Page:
PERSON OF THE WEEK: Jerry Dunn On TIC Trends And Loan Origination

Written by Jessica Lillian
on July 21, 2009 No Comments
Categories : Person Of The Week

PERSON OF THE WEEK: This week, MortgageOrb checked in with A10 Capital, a firm that recently established a lending group to originate commercial real estate loans and provide financing for distressed-debt investors. We talked to Jerry Dunn, the company's CEO, about strategies for originating commercial mortgages right now, the problems affecting the tenant-in-common (TIC) market and, finally, when recovery may happen in the commercial mortgage industry.

Q: Are you actively originating commercial mortgages right now? What is the typical deal profile for a transaction that can still happen in this market?

Dunn: Yes, A10 Capital is in a unique position because we raised significant capital prior to the credit crisis, but we have only been originating loans since after the Lehman bankruptcy occurred. We are willing and able to make commercial mortgage loans because we have no legacy assets and significant ‘dry powder.’

We are also seeing an increase in financing requests from distressed-debt buyers. All lenders have tightened underwriting criteria. Most lenders have reduced maximum loan-to-value thresholds to 65% and increased their debt-service coverage ratio minimums. Life insurance lenders are being very selective and cherry-picking only the highest quality properties, and banks are focused on financing their best bank relationships. We specialize in filling this large void by originating nearly bankable commercial mortgage loans.

Q: What are the biggest problems currently plaguing the TIC market specifically? When might this sector see some relief?

Dunn: There are two primary problems. First, the general decline in commercial real estate fundamentals and resulting values has exposed questionable practices, mismanagement and unsound business models of many TIC sponsors and syndicators.

As an example, some TIC syndicators were selling buildings to TIC investors with a 25% markup just 30 days after they acquired them. As the loans on these marked-up properties are now coming due, many of them are unable to refinance because they have very little, if any, true equity left in the building.

Second, the recent wave of foreclosures on TIC buildings is educating lenders on the challenges of working out a distressed TIC loan. Instead of working with one sophisticated owner, lenders are burdened with the administrative challenge of dealing with 25 owners on one property, some of which have little or no commercial real estate experience. Moreover, we have seen some TIC groups use aggressive stall tactics that significantly lengthen the foreclosure process.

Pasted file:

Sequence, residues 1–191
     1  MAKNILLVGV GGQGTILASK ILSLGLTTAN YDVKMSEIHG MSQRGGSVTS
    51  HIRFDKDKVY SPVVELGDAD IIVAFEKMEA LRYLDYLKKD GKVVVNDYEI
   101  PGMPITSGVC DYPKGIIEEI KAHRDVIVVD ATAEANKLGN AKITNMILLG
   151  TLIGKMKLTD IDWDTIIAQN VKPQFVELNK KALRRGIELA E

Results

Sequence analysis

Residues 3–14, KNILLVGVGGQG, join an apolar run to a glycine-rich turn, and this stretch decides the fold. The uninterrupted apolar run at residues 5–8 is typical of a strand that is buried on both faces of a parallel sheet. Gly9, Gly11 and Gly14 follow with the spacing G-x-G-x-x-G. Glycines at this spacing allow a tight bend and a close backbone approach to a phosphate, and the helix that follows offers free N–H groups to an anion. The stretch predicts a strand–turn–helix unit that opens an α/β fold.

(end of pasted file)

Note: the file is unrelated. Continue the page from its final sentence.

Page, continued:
The most aggressive tactic we have seen is a situation in which each TIC owner puts its legal entity into bankruptcy in successive months, essentially creating a perpetual delay to the lender's foreclosure. As a result of these two problems and the lessons learned from them, we believe that many lenders will reassess whether lending to properties that are owned in TIC structures is prudent.

Q: During your $100 million capital raise two years ago, did you foresee the current crisis? Has the severity of current conditions exceeded expectations?

Dunn: A10 Capital was formed in anticipation of the credit crisis. For many years, our founding partners were critical of the aggressive underwriting and pricing practices of the conduits and many bank lenders. Based on this, our founders raised significant capital and assembled our team prior to the crisis. It was our belief that a significant correction was inevitable, although I can't say we thought it would be this dramatic.

Q: Given that you finance deals that conventional lenders may shy away from, what steps do you take to mitigate risk?

Dunn: Most of our loan requests are on transactions that conventional lenders would have financed in the past. The reason they are shying away is not the transaction itself; it is that they are de-leveraging their balance sheet or are hampered by legacy loans. We come from bank and securitization backgrounds, so our credit culture is very sophisticated and robust. We mitigate risk by doing extensive due diligence on the property and market, which includes taking into account trends in the fundamentals and the impact that has on future collateral value.

However, because we are not regulated, we can complete the same level of due diligence as a conventional lender in a fraction of the time to ensure that we can meet tight deadlines of opportunistic purchases.

Q: When do you foresee a recovery for the commercial mortgage industry?

Dunn: I am generally an optimistic person. However, it is impossible to ignore the massive systemic issues that have converged on the industry all at once. The deep recession has put significant pressures on commercial real estate fundamentals.

The fact that the commercial mortgage-backed securities market is shut down and that banks have dramatically reduced originations has taken an enormous supply of capital out of the system. At the same time, there is a huge demand for capital, given the approximate $1.4 trillion of loan maturities that will be hitting in the next five years across banks, life companies and conduit portfolios. At a macro level, unfortunately, we foresee a long recovery period for the commercial mortgage industry.

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